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Updated on May 8th 2024 based on the version and article numbering in the EU Parliament's 'Corrigendum' version dated April 19th 2024.

The notion of general-purpose AI models should be clearly defined and set apart from the notion of AI systems to enable legal certainty. The definition should be based on the key functional characteristics of a general-purpose AI model, in particular the generality and the capability to competently perform a wide range of distinct tasks. These models are typically trained on large amounts of data, through various methods, such as self- supervised, unsupervised or reinforcement learning. General-purpose AI models may be placed on the market in various ways, including through libraries, application programming interfaces (APIs), as direct download, or as physical copy. These models may be further modified or fine-tuned into new models. Although AI models are essential components of AI systems, they do not constitute AI systems on their own. AI models require the addition of further components, such as for example a user interface, to become AI systems. AI models are typically integrated into and form part of AI systems. This Regulation provides specific rules for general-purpose AI models and for general-purpose AI models that pose systemic risks, which should apply also when these models are integrated or form part of an AI system. It should be understood that the obligations for the providers of general-purpose AI models should apply once the general-purpose AI models are placed on the market.

When the provider of a general-purpose AI model integrates an own model into its own AI system that is made available on the market or put into service, that model should be considered to be placed on the market and, therefore, the obligations in this Regulation for models should continue to apply in addition to those for AI systems. The obligations laid down for models should in any case not apply when an own model is used for purely internal processes that are not essential for providing a product or a service to third parties and the rights of natural persons are not affected. Considering their potential significantly negative effects, the general-purpose AI models with systemic risk should always be subject to the relevant obligations under this Regulation. The definition should not cover AI models used before their placing on the market for the sole purpose of research, development and prototyping activities. This is without prejudice to the obligation to comply with this Regulation when, following such activities, a model is placed on the market.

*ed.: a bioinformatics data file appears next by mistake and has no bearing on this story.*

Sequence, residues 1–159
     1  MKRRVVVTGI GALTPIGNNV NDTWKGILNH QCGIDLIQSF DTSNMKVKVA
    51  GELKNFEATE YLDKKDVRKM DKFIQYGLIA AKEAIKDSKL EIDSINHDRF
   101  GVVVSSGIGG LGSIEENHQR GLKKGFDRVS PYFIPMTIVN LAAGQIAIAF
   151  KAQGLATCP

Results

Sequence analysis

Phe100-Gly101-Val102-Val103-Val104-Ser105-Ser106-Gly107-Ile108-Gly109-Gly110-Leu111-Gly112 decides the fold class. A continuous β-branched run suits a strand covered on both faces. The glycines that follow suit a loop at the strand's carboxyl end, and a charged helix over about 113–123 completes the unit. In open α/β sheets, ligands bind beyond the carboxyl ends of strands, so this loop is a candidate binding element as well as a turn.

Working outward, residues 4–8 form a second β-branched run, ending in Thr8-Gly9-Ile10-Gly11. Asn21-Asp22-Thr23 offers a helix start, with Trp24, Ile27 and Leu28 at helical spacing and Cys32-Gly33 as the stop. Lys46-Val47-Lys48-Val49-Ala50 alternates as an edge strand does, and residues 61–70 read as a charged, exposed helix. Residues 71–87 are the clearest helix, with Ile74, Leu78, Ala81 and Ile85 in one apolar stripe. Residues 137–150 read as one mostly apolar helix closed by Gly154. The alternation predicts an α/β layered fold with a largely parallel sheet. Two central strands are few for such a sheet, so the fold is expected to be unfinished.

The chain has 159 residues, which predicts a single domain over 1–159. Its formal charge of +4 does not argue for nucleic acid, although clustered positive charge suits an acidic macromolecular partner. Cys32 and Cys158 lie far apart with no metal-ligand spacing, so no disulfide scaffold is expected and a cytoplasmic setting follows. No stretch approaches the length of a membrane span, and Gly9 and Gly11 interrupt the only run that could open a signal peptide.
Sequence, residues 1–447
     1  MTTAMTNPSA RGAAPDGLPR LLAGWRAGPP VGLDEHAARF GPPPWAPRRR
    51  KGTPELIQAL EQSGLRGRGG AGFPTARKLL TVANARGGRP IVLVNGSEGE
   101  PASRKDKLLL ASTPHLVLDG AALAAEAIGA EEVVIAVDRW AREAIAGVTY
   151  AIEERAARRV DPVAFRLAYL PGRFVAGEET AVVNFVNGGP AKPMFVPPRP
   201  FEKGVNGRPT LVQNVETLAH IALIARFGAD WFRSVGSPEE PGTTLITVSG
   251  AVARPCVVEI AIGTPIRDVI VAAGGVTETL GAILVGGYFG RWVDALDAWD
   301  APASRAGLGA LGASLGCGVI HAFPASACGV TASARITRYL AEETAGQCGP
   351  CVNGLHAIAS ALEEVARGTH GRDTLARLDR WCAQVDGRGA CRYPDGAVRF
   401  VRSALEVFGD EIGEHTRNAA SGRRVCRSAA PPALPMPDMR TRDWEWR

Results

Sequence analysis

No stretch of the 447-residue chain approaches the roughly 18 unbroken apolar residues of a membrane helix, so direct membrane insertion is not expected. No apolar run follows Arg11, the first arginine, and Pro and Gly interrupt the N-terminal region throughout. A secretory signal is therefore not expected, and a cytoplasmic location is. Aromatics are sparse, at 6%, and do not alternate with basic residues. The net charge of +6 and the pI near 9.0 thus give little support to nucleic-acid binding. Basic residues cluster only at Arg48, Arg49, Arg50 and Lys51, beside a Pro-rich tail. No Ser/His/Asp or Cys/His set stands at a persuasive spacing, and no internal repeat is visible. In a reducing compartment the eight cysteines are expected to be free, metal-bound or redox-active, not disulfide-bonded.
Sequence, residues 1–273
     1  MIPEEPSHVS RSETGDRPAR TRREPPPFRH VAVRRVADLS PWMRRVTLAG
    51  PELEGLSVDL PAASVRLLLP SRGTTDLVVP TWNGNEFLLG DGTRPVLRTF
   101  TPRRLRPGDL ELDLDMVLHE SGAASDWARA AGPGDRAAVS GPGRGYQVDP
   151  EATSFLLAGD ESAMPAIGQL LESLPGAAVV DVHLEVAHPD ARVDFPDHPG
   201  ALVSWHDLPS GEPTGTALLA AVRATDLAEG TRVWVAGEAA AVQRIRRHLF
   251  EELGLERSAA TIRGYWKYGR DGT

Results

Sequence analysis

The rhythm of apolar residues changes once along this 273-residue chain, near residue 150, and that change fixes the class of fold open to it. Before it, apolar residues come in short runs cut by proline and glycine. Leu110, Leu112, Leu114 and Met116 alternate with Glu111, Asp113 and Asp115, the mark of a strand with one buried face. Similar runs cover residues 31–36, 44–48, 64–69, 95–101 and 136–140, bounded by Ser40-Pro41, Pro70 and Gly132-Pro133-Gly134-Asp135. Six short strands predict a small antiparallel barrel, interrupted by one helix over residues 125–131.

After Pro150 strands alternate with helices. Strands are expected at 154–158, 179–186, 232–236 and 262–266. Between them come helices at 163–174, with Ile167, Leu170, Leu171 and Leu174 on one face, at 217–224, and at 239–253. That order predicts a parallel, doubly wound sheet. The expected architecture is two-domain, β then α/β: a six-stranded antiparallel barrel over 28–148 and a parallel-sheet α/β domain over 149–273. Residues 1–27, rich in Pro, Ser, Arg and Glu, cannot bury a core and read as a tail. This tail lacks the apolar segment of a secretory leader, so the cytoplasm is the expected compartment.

[Previous version]

Updated on April 10th 2024 based on the version and article numbering approved by the EU Parliament on March 13th 2024.

The notion of general-purpose AI models should be clearly defined and set apart from the notion of AI systems to enable legal certainty. The definition should be based on the key functional characteristics of a general-purpose AI model, in particular the generality and the capability to competently perform a wide range of distinct tasks. These models are typically trained on large amounts of data, through various methods, such as self- supervised, unsupervised or reinforcement learning. General-purpose AI models may be placed on the market in various ways, including through libraries, application programming interfaces (APIs), as direct download, or as physical copy. These models may be further modified or fine-tuned into new models. Although AI models are essential components of AI systems, they do not constitute AI systems on their own. AI models require the addition of further components, such as for example a user interface, to become AI systems. AI models are typically integrated into and form part of AI systems. This Regulation provides specific rules for general-purpose AI models and for general-purpose AI models that pose systemic risks, which should apply also when these models are integrated or form part of an AI system. It should be understood that the obligations for the providers of general-purpose AI models should apply once the general-purpose AI models are placed on the market.

When the provider of a general-purpose AI model integrates an own model into its own AI system that is made available on the market or put into service, that model should be considered to be placed on the market and, therefore, the obligations in this Regulation for models should continue to apply in addition to those for AI systems. The obligations laid down for models should in any case not apply when an own model is used for purely internal processes that are not essential for providing a product or a service to third parties and the rights of natural persons are not affected. Considering their potential significantly negative effects, the general-purpose AI models with systemic risk should always be subject to the relevant obligations under this Regulation. The definition should not cover AI models used before their placing on the market for the sole purpose of research, development and prototyping activities. This is without prejudice to the obligation to comply with this Regulation when, following such activities, a model is placed on the market.

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